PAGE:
Of course, there were a few problems. The stodgy prototype had a solid rear axle and no rear suspension. Even more of an issue, its first accumulator required 74 battery cells, which, along with twin engines, two generators, (each producing 90 volts and 20 amperes), the heavy electric motors in the wheels, and the fuel tank, meant the hybrid weighed 1,200 kg, (about 2,640 pounds). Porsche quickly reverted to a smaller, 44-cell accumulator, which helped somewhat.
Cleverness abounded. To back up, the driver simply reversed the electric circuit. The accumulator ensured that any excess electricity was ready on demand. There was room for four or five people, but the exposed engines/generators with their smoke, oil and fumes, would not have been a comfortable situation. And there were no fenders, so the muddy roads of that era would have caused a problem. Lohner and Porsche displayed their creation at the 1901 Paris Motor Salon, even though Porsche, was already planning ‘the next big thing’. Old photos show several variations including one with four-wheel electric hubs.
Taking the Semper Vivus’ drawbacks into account. Porsche’s next Lohner model had just one gasoline engine. It was fitted with an electric starter, and a single shaft-driven generator, running at a constant speed, was mounted beneath the driver’s seat. The second edition was called the Porsche-Lohner Mixte. (Mixte is a French word, signifying the combination of gas and electric powertrains). Vintage photos show a large, conventional-looking touring car, with front-mounted radiator coils shielded by a low hood. Flared fenders kept passengers dry. Prominent front wheel hubs encased the flat electric motors which had commutators mounted on their outer faces for service access..
Incredible as it seems, the Lohner-Porsche Mixte remained in production, (although its manufacture was moved to Austro-Daimler), until 1915. Its steep price ranged from 14,400 to 34,028 Austrian Krone (Crowns), which translates to $2,900-to-$6,840 in that era – and some $80,000-to-$200,000 in 2018 dollars. Not many were sold. One of the first customers was an entrepreneuring auto dealer, Emil Jellinek, who ordered five 1902 Model Mixte’s for resale. Jellinek, it will be remembered, bought enough cars from Daimler, so they could be named for his daughter -- Mercedes.
Porsche raced his Mixte model at the Exelburg hillclimb in Austria in 1902, winning the large car class. Although the pricy Mixte was not sales success, Porsche was able to demonstrate the dual power system on military maneuvers to Archduke Ferdinand and elite Austro-Hungarian Aristocrats. In time, that would pay big dividends. Meanwhile, Emile Jellinek was transforming antiquated Austro-Daimler into a modern automotive enterprise. Needing a clever engineer, Jellinek hired Ferdinand Porsche as his Technical Director to design a new line of electric and gasoline-powered vehicles. Due to depressed economic conditions, the venture failed in 1907. Undaunted, Ferdinand Porsche would go on to work with Paul Daimler, designing automobile and aircraft engines.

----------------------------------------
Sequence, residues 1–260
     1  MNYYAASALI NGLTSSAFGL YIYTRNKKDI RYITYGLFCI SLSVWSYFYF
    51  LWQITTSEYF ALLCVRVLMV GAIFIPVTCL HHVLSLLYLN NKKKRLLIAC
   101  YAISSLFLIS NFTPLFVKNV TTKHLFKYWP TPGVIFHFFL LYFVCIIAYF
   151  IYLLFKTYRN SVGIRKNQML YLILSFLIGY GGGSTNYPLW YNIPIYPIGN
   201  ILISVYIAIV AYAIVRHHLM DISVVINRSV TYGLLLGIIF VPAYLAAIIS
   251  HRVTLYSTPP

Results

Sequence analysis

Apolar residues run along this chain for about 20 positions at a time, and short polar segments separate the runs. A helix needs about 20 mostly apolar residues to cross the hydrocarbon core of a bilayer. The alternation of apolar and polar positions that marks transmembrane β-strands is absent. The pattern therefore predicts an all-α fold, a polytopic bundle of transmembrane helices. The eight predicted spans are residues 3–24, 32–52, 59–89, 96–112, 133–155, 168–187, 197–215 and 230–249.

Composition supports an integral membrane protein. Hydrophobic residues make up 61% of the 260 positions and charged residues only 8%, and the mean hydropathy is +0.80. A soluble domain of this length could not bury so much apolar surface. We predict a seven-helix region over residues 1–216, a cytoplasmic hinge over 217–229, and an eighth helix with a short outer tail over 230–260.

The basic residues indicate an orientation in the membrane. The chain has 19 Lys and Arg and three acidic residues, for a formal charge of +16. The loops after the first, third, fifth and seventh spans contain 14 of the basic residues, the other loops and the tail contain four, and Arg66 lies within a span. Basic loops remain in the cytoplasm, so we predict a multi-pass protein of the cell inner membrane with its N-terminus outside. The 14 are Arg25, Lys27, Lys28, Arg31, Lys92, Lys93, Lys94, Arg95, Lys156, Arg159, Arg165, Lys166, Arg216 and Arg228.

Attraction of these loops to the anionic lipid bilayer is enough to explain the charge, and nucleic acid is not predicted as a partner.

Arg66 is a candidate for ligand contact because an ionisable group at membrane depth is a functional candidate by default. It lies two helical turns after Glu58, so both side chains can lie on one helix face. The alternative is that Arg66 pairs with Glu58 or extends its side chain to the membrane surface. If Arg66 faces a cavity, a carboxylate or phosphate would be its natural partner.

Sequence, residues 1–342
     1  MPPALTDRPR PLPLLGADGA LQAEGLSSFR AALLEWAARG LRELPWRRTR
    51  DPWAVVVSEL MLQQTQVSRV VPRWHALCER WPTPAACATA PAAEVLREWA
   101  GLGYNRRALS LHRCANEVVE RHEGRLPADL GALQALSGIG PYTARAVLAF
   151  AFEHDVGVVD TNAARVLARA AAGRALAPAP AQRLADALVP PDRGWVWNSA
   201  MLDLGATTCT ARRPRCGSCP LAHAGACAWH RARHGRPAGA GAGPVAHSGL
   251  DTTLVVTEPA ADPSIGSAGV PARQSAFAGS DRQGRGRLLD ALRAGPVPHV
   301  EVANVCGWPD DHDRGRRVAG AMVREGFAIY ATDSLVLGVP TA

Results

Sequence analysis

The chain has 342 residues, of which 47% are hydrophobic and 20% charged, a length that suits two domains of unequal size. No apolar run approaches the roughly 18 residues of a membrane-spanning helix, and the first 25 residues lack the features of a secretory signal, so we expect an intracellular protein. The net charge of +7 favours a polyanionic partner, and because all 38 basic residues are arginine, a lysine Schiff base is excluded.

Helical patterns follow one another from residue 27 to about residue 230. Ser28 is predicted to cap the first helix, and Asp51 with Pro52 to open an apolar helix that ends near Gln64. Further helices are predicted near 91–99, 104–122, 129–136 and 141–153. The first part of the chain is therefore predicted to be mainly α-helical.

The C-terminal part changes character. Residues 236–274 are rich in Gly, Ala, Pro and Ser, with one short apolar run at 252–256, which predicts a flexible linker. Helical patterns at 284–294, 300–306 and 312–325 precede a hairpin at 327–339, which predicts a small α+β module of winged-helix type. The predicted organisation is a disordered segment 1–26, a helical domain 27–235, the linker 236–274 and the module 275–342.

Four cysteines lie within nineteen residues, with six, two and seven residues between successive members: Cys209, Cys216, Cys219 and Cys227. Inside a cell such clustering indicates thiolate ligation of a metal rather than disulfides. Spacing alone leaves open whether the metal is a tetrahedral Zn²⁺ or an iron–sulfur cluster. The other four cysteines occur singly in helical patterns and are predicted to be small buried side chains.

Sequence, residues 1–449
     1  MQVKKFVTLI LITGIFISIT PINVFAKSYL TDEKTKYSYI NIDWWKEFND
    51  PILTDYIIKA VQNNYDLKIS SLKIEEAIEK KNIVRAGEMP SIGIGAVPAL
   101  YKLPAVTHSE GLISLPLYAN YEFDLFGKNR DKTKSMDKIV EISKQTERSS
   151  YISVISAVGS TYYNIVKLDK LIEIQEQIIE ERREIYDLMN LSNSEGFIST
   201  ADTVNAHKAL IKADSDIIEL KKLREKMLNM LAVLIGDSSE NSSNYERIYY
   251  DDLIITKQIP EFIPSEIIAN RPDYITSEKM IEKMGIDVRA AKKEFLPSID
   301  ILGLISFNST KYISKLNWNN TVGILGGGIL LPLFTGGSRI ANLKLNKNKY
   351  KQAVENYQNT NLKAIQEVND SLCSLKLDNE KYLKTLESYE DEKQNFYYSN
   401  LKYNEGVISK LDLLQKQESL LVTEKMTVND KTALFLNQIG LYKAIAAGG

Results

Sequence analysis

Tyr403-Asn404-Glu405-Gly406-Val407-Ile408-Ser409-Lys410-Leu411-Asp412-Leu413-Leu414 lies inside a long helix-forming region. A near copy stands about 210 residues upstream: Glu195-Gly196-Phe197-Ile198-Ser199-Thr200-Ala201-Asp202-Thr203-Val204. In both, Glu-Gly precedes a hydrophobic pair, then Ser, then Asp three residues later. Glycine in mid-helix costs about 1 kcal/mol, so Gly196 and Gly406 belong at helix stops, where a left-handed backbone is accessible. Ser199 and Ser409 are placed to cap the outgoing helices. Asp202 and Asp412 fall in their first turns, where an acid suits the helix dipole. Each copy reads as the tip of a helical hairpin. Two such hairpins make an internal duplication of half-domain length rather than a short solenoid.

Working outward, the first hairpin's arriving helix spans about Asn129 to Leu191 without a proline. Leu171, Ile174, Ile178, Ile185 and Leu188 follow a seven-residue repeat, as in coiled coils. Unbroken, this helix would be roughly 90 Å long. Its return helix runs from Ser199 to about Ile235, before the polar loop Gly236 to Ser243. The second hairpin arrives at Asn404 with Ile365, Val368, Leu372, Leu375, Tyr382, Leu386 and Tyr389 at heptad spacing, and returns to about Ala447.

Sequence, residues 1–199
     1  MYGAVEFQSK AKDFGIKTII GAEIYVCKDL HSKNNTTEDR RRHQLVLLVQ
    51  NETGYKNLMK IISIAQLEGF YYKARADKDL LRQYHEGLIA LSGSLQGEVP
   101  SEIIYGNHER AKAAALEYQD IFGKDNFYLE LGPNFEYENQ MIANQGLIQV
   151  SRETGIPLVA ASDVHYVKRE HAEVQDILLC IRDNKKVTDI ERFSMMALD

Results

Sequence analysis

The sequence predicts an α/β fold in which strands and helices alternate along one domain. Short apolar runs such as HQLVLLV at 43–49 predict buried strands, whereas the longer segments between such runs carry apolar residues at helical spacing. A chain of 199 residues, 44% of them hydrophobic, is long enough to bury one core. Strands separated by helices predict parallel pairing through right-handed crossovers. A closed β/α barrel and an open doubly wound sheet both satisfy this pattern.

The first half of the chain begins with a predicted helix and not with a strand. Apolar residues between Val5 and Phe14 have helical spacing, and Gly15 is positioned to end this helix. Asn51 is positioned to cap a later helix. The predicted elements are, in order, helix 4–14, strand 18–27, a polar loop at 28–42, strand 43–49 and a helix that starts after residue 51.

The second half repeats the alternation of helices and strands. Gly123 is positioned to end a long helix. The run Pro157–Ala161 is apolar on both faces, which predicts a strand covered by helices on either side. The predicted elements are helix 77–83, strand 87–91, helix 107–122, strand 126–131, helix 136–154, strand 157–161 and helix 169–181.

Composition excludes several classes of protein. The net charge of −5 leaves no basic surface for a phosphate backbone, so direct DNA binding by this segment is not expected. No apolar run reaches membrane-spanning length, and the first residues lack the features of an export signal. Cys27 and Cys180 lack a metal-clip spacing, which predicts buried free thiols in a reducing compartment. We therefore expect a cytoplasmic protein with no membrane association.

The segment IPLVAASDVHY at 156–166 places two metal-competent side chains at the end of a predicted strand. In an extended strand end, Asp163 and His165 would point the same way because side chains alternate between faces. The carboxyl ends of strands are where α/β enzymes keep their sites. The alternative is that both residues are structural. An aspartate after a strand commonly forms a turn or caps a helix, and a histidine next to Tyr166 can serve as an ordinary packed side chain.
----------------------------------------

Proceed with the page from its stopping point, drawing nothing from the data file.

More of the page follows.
Never one to let a good idea fall by the wayside, Ferdinand Porsche adapted the electrically-powered wheel hub principal for military applications. He later designed powerful “tugs,” that were hitched to trailers equipped with Porsche’s electric wheel hubs. They were able to tow huge artillery pieces up steep mountains, thus gaining a strategic advantage over Austro-Hungary’s foes in World War I.
Automotive history is replete with examples of failed great ideas that were developed decades earlier, but couldn’t be reliably and practically executed. The world had largely forgotten about Porsche’s early hybrid -- but the company hadn’t.
Perhaps to counter all the hype over Toyota’s Prius, in 2011, Porsche AG constructed a full-sized operating replica of the Semper Vivus. A re-creation was built by a Porsche technician, named Hubert Drescher. He worked from old photographs and one surviving technical drawing, and the car was demonstrated to journalists at the Geneva Motor Show. As Porsche had just introduced its 918 Spyder Hybrid roadster, it was the perfect time to remind the world that company founder Ferdinand Porsche had pioneered the hybrid concept more than a century earlier.
Historian Karl Ludvigsen, who’s arguably written more about Porsche (“Excellence was Expected,” “Professor Porsche’s Wars,”) than anyone says, “Porsche was happiest when creating from first principles. This implied risk, but he knew that without risk no gains could be achieved.” No doubt Ferdinand Porsche, aided by his talented son Ferry, had those same thoughts when his then-radical postwar, air-cooled, rear-engine, beetle-shaped sports car was launched in 1948.